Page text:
Fred Roisen and his cohorts from the University of Louisville, Kentucky, has used hONPs to treat rats with drug-induced PD.  In their paper, Roisen and others used cultures of hONPs and then proceeded to differentiate them into dopamine-making neurons. Then they transplanted these cells into the midbrains of rats that had been treated with 6-hydroxydopamine, which is a drug that kills off dopamine-making neurons in the midbrain and induces PD. However, it is important to understand that the dopamine-producing neurons were only destroyed on the right side of the brain, thus leaving the left side intact. When they stem cells were injected into the midbrains of these rats, they were only injected into the right side, the side that had been damaged by the drugs. Therefore, the right side of the midbrain served as a control throughout these experiments.

The behavioral tests on these PD rats determined if the transplanted hONPs helped decrease the effects of PD. In all three behavioral tests, the hONP-injected rats showed significant improvements over the untreated rats. Were these improvements due to the formation of new dopamine-making neurons? The answer is a clear yes, since postmortem analyses of the brains of these rats showed that the hONP-injected rats not only showed the presence of dopamine-making neurons on the injected side, but the levels of dopamine production in the right side of the brain as compared to the left side of the brain were higher in the hONP-injected animals, even though they were three times lower than those dopamine levels found in the left side of the midbrain.

This experiment shows that hONPs should be considered serious players in the treatment of PD. In none of the transplanted animals were tumors found. Therefore, hONPs seem to be safe, they are easily acquired, and they have the capacity to form dopamine-making neurons. The goal should be to jack up the dopamine levels in the transplanted cells.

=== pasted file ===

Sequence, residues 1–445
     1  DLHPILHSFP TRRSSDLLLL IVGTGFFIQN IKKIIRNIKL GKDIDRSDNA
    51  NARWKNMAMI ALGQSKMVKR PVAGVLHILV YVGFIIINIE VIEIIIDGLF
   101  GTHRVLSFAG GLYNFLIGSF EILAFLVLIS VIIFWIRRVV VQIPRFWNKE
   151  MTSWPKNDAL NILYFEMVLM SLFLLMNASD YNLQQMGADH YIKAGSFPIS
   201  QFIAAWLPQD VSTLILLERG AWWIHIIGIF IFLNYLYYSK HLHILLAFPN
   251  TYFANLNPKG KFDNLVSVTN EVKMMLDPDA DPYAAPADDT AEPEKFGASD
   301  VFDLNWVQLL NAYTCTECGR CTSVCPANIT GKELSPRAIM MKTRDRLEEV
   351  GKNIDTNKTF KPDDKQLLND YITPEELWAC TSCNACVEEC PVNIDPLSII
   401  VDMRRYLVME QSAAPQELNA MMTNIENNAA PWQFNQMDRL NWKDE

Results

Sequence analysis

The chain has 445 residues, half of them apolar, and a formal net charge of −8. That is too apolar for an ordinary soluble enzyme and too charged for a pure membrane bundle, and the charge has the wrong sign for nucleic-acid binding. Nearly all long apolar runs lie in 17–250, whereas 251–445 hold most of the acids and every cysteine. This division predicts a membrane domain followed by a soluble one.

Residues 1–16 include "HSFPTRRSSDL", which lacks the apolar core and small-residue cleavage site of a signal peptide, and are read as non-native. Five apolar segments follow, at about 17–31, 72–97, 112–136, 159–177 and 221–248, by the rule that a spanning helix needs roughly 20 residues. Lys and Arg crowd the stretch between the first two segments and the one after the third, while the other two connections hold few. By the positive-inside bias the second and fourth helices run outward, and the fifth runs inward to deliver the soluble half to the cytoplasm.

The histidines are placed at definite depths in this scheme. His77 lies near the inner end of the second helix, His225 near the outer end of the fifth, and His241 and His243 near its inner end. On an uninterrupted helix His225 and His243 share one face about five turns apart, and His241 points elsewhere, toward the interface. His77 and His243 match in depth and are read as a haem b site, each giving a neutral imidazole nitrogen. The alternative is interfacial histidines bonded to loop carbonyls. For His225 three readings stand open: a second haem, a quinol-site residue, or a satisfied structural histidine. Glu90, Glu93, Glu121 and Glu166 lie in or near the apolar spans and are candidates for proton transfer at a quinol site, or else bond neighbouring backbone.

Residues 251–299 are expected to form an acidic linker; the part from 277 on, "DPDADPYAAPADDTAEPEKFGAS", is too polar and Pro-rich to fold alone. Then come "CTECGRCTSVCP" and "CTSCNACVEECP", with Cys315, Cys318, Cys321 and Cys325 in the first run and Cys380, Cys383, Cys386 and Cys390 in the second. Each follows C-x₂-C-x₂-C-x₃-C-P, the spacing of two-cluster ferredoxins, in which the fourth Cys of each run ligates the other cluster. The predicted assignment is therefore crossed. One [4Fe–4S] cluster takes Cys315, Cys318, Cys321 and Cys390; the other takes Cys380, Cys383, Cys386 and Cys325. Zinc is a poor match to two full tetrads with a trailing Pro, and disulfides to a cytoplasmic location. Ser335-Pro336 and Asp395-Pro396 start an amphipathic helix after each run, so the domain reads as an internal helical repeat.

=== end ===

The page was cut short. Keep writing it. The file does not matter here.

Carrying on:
See Meng Wang, Chengliang Lu, Fred Roisen, “Adult human olfactory epithelial-derived progenitors: A potential autologous source for cell-based treatment for Parkinson’s disease,” Stem Cells Translational Medicine 2012 1:492-502.

Cultured Human Kidney Cells Improve Chronic Kidney Injury


Chronic kidney disease (CKD) is extremely expensive to treat and also leads to additional complications, such as heart and circulatory troubles. In general, when you have CKD, your life is a drag. ~13% of the worldwide population has CKD and in the US alone, the estimated Medicare costs for the treatment of this disease is $42 million.

There are drugs that can treat CKD, but these drugs (statins, angiotensin 2 receptor blockers and angiotensin converting enzyme (ACE) inhibitors, and erythropoietin to improve anemia) must be given for some time and at high doses before their effects become apparent.

The hormone erythropoietin (EPO) is made by the kidneys, and EPO signals to the bone marrow to produce more red blood cells. Recombinant versions of EPO are given to anemia patients, and have also been used illicitly in aerobic athletics to artificially boost red blood cell production (e.g., Floyd Landis, Lance Armstrong, etc.). However, EPO has another function in CKD in that EPO administration seems to protect the kidney from damage caused by low oxygen delivery. EPO production is quite low in CKD patients and this might play a role in the problems encountered by CKD patients.

The laboratory of James Yoo from the Institute for Regenerative Medicine at Wake Forest University has investigated the ability of cultured, human kidney cells that express EPO to improve kidney structure and function in a rodent model of CKD.

In this experiment, Yoo and his coworkers cut off the blood supply to the kidneys of hairless rats and then fed them the antibiotic gentimicin for a day (five doses). 8-10 weeks after this treatment, kidney function was reduced and the rats had all the signs of CKD.

Next, Yoo and others injected into the kidneys of these rats cultured human kidney cells. One group of rats received injections of buffer into their kidneys, some received cultured human kidney cells, and another group received cultured kidney cells that had been engineered to express EPO. These kidney cells came from a discarded organ from a 51-year-old human organ donor.